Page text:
By Dianne Moritz
I never questioned why. Bert mixed martinis while Mother wrapped peanut-butter sandwiches in a brown paper bag for my lunch.
Bert drove us to the station in our shiny, new Chevy, the train already in, ready to pull me away to St. Paul.
A red-cap took my suitcase and I climbed aboard. When I looked back to wave, they were gone.
I couldn’t eat. So pretended I was a daughter to the woman across the aisle: reading stories, feeding her children fried chicken and warm biscuits. I was her naughty child, punished, alone, quietly coloring in my book, waiting for welcome back into the happy family circle.
My fantasies evaporated, quick as tears, while fields and farms blurred past the window. I fell asleep, slept the trip away in dreams, running, chased by a bad guy who smiled a white smile.
When the train screeched to a stop, I woke up and ran to Aunt Ada’s cold arms. She turned, emptying her change purse, to find a dime tip for the porter invisible as me.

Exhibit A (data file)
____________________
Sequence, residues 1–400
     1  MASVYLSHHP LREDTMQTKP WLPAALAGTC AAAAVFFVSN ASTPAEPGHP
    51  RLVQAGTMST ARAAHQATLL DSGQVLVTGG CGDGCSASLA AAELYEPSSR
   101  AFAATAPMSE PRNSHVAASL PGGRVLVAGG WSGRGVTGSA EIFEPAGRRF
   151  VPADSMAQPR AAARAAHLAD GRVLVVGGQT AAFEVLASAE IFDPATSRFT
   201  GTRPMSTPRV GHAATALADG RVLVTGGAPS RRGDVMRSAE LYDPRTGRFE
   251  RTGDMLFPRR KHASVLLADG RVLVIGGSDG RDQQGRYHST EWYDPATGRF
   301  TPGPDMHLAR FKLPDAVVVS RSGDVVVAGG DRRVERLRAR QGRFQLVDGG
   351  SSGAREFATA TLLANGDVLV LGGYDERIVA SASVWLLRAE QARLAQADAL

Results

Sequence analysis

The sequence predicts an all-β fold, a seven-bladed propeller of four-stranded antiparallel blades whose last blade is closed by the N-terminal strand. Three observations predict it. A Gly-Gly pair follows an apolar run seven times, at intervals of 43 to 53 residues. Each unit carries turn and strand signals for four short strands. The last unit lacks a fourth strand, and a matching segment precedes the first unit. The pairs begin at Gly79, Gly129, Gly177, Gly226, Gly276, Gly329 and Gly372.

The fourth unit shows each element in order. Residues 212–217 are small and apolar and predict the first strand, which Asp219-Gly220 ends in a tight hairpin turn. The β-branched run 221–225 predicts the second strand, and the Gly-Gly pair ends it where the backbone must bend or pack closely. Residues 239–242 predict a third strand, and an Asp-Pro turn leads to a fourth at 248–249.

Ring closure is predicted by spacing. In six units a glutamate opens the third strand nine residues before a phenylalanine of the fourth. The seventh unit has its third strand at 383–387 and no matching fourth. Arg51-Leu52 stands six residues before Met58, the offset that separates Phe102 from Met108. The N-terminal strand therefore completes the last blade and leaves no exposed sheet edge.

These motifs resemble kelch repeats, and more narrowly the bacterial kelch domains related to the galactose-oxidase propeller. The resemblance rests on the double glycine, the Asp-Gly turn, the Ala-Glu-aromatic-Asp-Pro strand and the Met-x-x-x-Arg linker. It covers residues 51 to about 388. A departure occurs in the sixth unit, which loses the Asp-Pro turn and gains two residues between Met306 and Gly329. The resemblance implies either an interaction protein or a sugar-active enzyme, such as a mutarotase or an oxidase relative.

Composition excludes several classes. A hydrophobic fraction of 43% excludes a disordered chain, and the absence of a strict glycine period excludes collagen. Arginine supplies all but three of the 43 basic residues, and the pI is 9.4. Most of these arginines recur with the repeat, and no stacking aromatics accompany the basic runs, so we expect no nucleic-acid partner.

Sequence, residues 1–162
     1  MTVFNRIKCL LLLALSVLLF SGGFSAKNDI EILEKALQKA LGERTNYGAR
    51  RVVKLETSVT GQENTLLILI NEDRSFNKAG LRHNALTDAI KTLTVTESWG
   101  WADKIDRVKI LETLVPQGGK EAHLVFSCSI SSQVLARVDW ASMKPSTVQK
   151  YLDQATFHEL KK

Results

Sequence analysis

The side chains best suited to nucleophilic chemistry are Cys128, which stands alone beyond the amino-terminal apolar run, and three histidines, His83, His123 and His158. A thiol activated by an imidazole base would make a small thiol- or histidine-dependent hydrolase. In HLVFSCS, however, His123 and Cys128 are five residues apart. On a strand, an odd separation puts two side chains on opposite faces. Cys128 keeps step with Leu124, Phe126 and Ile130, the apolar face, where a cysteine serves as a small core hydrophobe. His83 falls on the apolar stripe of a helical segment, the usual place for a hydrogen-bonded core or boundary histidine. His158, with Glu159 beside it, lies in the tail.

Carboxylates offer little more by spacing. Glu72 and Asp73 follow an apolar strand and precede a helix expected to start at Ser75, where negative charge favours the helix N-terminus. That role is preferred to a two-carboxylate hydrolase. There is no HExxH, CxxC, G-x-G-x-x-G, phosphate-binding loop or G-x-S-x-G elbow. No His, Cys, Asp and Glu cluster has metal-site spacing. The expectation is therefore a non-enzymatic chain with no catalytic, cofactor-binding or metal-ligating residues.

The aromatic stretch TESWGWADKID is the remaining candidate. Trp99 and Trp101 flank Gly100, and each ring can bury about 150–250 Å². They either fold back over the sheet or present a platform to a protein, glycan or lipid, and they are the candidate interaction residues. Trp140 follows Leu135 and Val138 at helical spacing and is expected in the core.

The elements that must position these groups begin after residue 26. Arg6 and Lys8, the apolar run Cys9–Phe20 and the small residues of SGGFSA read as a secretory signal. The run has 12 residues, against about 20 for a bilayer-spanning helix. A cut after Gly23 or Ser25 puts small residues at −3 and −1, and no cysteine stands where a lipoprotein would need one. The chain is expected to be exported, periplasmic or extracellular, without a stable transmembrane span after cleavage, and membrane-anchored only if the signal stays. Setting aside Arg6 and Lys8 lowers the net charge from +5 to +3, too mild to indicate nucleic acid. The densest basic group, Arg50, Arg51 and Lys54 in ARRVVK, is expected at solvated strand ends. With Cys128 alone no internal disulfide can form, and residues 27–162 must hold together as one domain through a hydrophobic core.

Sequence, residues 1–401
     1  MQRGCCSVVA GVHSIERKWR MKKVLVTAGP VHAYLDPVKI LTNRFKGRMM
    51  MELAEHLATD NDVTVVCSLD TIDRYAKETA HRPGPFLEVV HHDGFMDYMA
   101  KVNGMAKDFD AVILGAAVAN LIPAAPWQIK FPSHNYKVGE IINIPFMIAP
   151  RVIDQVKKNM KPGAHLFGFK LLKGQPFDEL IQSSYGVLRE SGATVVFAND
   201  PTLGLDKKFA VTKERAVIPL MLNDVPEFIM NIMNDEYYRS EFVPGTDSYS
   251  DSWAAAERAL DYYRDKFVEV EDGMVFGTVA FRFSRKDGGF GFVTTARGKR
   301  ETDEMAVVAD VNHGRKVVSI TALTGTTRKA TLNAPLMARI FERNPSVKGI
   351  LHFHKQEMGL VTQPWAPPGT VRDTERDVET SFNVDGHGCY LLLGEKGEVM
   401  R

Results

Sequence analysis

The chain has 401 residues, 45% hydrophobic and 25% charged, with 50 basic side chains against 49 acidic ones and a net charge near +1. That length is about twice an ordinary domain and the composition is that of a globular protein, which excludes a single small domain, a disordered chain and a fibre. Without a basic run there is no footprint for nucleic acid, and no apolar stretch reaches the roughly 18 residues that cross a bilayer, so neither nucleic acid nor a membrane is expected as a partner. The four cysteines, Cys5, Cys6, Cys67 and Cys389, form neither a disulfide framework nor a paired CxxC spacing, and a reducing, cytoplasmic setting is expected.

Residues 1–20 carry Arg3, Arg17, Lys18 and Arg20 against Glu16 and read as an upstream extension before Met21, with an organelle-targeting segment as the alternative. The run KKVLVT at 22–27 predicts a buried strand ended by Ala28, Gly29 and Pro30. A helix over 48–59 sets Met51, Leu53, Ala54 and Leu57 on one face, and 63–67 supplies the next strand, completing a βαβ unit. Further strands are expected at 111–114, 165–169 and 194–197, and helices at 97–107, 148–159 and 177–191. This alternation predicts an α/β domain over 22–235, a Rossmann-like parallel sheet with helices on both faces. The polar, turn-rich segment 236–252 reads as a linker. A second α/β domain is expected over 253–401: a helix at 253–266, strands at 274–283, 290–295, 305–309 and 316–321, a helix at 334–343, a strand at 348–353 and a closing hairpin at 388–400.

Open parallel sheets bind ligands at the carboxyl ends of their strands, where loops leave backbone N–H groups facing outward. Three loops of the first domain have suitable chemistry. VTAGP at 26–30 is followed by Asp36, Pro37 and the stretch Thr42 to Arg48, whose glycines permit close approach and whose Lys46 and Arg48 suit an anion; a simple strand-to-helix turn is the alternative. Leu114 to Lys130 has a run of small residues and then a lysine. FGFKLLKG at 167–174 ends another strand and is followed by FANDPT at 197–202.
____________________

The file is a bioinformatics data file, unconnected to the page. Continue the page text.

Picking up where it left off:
Sometimes, when I remember, fear catches me again…wild, out of control, like red crayoned scribbles.
Dianne writes poetry and picture books for children from her home in Southampton, NY. Adult essays have been published in The NY Times, LA Times, Woman’s World, Romantic Homes, Sunday Woman, Our Iowa, and others. Online memoir pieces have been in Fewer Than 500. Spillwords, The Drabble, Writing in a Woman’s Voice and elsewhere. Visit her website: diannemoritz.wordpress.com and her author page on amazon.com.